Google Versus Microsoft: The Fight for the Future of Cloud Computing

 
 
By Scott Ferguson  |  Posted 2008-10-15
 
 
 

Google Versus Microsoft: The Fight for the Future of Cloud Computing


ORLANDO, Fla. - When it comes to building out cloud computing infrastructures in the next two years, two of the world's largest and most formidable IT companies - Google and Microsoft - are preparing to pour money and resources into developing significantly different models of how this type of computing should look and feel.

While it's not surprising that Google and Microsoft are preparing to clash in other fields besides search and advertising, the two companies' attitudes toward the cloud and the different approaches were dissected at the Gartner Symposium/ITxpo here.

At its most basic, cloud computing offers customers the ability to have their applications supported by third-party vendors and those applications are then delivered to the user through the Internet. Enterprises, such as Amazon, Google and Microsoft, can also develop their own cloud computing infrastructures for their internal applications.

While the cloud is still a somewhat undefined area, the types of technology that Google and Microsoft are developing could shift the way businesses, and even consumers, use the cloud for their needs. Part of this clash for the future of the cloud comes from the different business models that Google and Microsoft developed. While Microsoft has worked mainly in the enterprise and built its reputation on its operating systems and offerings such as the Office suite, Google has been more consumer focused and has relied on advertising revenue to bolster its search capabilities.

In the case of Microsoft, David Smith, a Gartner Fellow, believes that Microsoft is looking to become a force in both the internal cloud, which businesses will build to support their own applications and computing resources, and the external cloud, which are developed by third-party service providers such as AT&T.

"With Microsoft, the goal is to support both in a sort of hybrid model that takes advantage of both models," said Smith. "Virtually all Microsoft software until recently, especially for enterprises, has been either client-based or on-premise software. However, they are gradually moving much of that to a cloud offering."

The evidence of that shift in strategy, Smith said, is a number of new products Microsoft has brought into the market or will bring in the coming years. These include Microsoft Dynamics CRM Online, Live Mesh and platforms such as "Oslo" and "Titan."

Cloud Coverage May Be Split


 


For Google, the opposite is true. Most of the search giant's applications products are offsite on the server level. At the same time, more and more applications are being developed and deployed within Web browsers, which appears to have been one of the motivations behind Google's launch of Chrome earlier this year.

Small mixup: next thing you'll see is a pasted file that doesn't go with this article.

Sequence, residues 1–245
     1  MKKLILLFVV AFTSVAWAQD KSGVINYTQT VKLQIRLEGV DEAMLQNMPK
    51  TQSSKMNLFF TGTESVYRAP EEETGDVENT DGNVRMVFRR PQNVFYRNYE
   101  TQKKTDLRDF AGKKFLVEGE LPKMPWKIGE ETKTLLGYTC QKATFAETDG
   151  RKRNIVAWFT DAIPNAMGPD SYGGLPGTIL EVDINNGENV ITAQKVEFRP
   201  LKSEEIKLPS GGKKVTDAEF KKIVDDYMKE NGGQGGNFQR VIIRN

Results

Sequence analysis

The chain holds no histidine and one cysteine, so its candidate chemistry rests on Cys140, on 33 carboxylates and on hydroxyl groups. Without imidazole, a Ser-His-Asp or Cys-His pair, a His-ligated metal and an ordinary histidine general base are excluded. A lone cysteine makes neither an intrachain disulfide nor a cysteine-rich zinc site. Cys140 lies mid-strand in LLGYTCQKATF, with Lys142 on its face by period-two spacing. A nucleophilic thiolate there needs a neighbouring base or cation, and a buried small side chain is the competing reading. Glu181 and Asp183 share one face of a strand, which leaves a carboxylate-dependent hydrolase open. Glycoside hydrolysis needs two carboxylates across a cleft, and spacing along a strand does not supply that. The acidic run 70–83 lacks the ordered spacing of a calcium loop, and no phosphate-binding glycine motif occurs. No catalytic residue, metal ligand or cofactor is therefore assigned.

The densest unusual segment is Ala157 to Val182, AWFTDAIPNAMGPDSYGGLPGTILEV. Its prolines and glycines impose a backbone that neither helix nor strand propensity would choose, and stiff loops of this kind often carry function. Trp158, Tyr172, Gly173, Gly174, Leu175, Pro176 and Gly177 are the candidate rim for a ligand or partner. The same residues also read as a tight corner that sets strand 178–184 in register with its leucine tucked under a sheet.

"The reason for Chrome is to stimulate development in this space, to speed up Java script, to speed up off-line support and there are some reasons that are harder to understand but they are there and they have to do with the control of advertising," said Smith.

At the same time, Tom Austin, also a Gartner Fellow, sees Google developing its own platforms for the cloud, such as Google App Engine, which allows for the building and hosting of applications on Google Web servers. In addition, Google has turned to IBM to help it develop technology, especially within the cloud, that will give those applications more of an enterprise edge.

In the march toward the cloud, Google and Microsoft are being driven by five technologies, according to Gartner. These are SAAS (software as a service), open source, Web 2.0, consumerization and "global class," which is a new way to deliver computing services.

What might leave some industry observers frustrated is that the battle between Microsoft and Google might not leave a clear winner, according to Gartner. Google and Microsoft might wind up splitting this new space between them with each playing to their strengths. At the same time, a third company might hold the key toward developing the cloud. Smith and Austin reminded the audiences that Yahoo remains a factor in all these decisions, and Smith believes that a deal for Microsoft to buy Yahoo will still happen.

As for IT managers, Smith and Austin urged them to begin evaluating and testing Web-based applications now as these applications are still being developed.

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